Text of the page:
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Vinyasa Yoga in Nepal

6 Mar 2020 HYN Himalayan Yoga Academy

Vinyasa Yoga in Nepal

Vinyasa is a style of yoga characterized by stringing postures together so that you move from one to another, seamlessly, using breath. Commonly referred to as “flow” yoga,. It is breaking down process of final Posture in sequence. Actually it is the real process of training but not practice for regular Yoga Session.More about VINYASA YOGA in Nepal

Vinyasa Yoga Definition:
As with many things in yoga, the definition is dependent on the context and on who you ask. Below are the more common definitions.

“The Sanskrit word Vinyasa comes from a prefix vi, which means variation, and a suffix, nyasa, which means‘ within prescribed parameters. ’” Srivatsa Ramaswami, student of Krishnamacharya for more than thirty years. He goes on to refer to classical yoga, from the Yoga Sutras of Patanjali, for the specific parameters: Steadiness (Sthira); Comfort (Sukha); Smooth and Long Breathing (Prayatna Sithila)

They are all vinyasas, progressive sequences that unfold with an inherent harmony and intelligence. “Vinyasa” is derived from the Sanskrit term nyasa, which means “to place,” and the prefix vi, “in a special way” —as in the arrangement of notes in a raga, the steps along a path to the top of a mountain, or the linking of one asana to the next. In the yoga world the most common understanding of vinyasa is as a flowing sequence of specific asanas coordinated with the movements of the breath.

The term Vinyasa is derived from vi, meaning “in a special way.” and nyasa, meaning “to place,” and This indicates that we are not “throwing our bodies around” but are bringing consciousness to each movement in each moment.

The word “vinyasa” can be translated as “arranging something in a special way,” like yoga pose. In vinyasa yoga classes, we should coordinate movement with breath to flow from one pose to another. Ashtanga Yoga, Jivamukti, Power Yoga, and Prana Flow could all be considered vinyasa yoga. Vinyasa is also the term used to describe a specific sequence of poses e.g. Chaturanga to Upward-Facing Dog to Downward-Facing Dog) commonly used throughout a vinyasa class.

The variable nature of Vinyasa Yoga helps to develop a more balanced body as well as prevent repetitive motion injuries that can happen if you are always doing the same thing every day.

As a philosophy, Vinyasa recognizes the temporary nature of things. We enter into a posture, are there for a while and then leave. While Vinyasa, or Vinyasa-Krama, dates back to the Vedic age — the earliest period of yoga thousands of years ago — it referred to a series, or sequence of steps, to make something sacred.

History of Vinyasa Yoga

The great South Indian master Krishnamacharya, championed the vinyasa approach as central to the transformative process of yoga. But Krishnamacharya had a broader vision of the meaning of vinyasa than most Western students realize. He not only taught specific asana sequences like those of Jois’s system, but he also saw vinyasa as a method that could be applied to all the aspects of yoga. In Krishnamacharya’s teachings, the vinyasa method included assessing the needs of the individual student (or group) and then building a complementary, step-by-step practice to meet those needs. Beyond this, Krishnamacharya also emphasized vinyasa as an artful approach to living, a way of applying the skill and awareness of yoga to all the rhythms and sequences of life, including self-care, relationships, work, and personal evolution.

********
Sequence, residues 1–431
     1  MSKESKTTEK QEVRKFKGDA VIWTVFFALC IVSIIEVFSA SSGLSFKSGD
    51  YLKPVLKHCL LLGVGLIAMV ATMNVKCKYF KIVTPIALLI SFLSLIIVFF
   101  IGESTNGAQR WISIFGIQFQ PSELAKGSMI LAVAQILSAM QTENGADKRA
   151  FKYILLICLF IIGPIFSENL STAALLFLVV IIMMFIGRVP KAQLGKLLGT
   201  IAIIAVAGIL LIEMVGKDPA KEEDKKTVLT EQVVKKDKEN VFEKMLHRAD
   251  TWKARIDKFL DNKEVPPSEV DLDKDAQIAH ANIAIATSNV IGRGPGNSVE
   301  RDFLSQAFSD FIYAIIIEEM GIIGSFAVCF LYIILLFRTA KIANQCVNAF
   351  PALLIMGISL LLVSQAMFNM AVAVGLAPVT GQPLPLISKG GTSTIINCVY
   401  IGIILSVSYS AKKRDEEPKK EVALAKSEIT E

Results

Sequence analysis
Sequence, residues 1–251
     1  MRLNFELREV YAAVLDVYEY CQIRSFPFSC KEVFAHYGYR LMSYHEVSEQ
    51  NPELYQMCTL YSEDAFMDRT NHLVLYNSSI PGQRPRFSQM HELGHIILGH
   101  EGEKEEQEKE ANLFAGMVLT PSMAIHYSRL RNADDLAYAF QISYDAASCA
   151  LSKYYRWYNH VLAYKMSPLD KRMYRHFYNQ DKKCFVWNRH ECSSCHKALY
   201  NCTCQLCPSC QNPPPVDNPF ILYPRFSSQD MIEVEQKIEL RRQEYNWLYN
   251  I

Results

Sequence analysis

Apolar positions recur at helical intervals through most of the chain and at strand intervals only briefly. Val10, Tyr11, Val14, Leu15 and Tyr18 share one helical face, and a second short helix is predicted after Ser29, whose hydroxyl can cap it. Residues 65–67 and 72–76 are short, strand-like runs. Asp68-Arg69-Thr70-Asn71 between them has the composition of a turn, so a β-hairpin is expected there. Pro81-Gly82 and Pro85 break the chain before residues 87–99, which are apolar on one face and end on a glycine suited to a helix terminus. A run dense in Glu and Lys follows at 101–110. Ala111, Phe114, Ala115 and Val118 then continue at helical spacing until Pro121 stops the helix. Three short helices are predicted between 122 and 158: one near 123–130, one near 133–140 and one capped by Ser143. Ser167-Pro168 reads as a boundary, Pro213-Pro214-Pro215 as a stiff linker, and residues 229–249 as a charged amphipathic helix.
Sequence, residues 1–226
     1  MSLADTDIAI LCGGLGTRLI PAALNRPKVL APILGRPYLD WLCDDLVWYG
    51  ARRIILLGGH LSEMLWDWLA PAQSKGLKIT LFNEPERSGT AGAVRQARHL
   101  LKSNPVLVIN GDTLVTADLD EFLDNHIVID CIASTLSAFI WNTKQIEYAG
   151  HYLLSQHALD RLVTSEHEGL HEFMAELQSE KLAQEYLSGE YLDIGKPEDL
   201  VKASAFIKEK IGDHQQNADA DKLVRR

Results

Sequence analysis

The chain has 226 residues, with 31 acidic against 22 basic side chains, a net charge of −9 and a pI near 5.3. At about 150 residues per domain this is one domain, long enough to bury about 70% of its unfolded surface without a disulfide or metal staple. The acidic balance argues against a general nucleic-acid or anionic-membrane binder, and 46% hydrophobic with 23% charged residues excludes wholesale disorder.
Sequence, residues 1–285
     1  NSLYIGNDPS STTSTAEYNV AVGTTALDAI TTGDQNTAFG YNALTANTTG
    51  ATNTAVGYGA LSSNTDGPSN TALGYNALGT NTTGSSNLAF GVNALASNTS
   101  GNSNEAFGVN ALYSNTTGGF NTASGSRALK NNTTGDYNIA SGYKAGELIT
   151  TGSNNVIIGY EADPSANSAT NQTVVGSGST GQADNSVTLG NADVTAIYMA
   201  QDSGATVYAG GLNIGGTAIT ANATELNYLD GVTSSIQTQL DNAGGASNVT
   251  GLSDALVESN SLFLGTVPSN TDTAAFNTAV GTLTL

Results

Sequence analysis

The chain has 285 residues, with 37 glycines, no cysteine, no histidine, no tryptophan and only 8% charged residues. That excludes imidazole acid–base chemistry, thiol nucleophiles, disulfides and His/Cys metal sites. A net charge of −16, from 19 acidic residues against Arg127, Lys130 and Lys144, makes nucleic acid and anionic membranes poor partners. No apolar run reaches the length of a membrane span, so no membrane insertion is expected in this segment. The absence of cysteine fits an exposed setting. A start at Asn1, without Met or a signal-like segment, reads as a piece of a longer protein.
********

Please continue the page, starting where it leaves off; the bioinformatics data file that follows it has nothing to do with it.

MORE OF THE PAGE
The movement practice of Vinyasa is said to begin with T Krishnamacharya who has had the largest influence on how yoga, in general, is practiced today. Put all this together and Vinyasa, is a breath initiated practice, that connects every action of our life with the intention of moving towards what is sacred, or most important to us. While Vinyasa Yoga is one of the most popular forms of the practice in the world today, it is not well understood.

More about Vinayasa Yoga in Nepal :

Our yoga styles include: All Levels Vinyasa Yoga, Slow Flow Vinyasa Yoga, Dynamic Flow Vinyasa Yoga, Yoga Fusion (Yoga and Pilates blend), Restorative Yoga, and Ashtanga Yoga. This wide range of styles and levels allows you the space to discover what is best for you on any given day. When you find the right style and teacher, you’ll be able to create a steady practice. Once you’ve established a routine, you’ll be able to experience the many benefits of a regular yoga practice. Practice once a week and you will change your mind. Practice three times a week and you will change your body. Practice every day and you can change your life!

Characteristics of Vinyasa Flow Yoga

Vinyasa Yoga connects one posture to the next using the breath. This can be thought of as linking or flowing into postures which is sometimes why it’s called “Flow Yoga”. The opposite of this would be an alignment based class where students engage with a posture, explore it for a period of time and then “break the posture” by coming out.

Vinyasa is synonymous with movement. Moving in and out of postures is the obvious movement but even in stillness Vinyasa is represented by the beat of your heart and inhale / exhale of your breath.
Move with breath. Breath initiates the movement of Vinyasa which is why you’ll hear it referred to as a “breath-synchronized” practice.
Ujjayi Breath is the breathing technique used. It is done by inhaling and exhaling in a rhythmic manner through the nose. The overall sensation is one of relaxation.
Vinyasa practice generates heat and can add a cardiovascular component not always present in other forms of postural practice. The picture below is from a student’s heart rate monitor worn during a regular Vinyasa class I taught.

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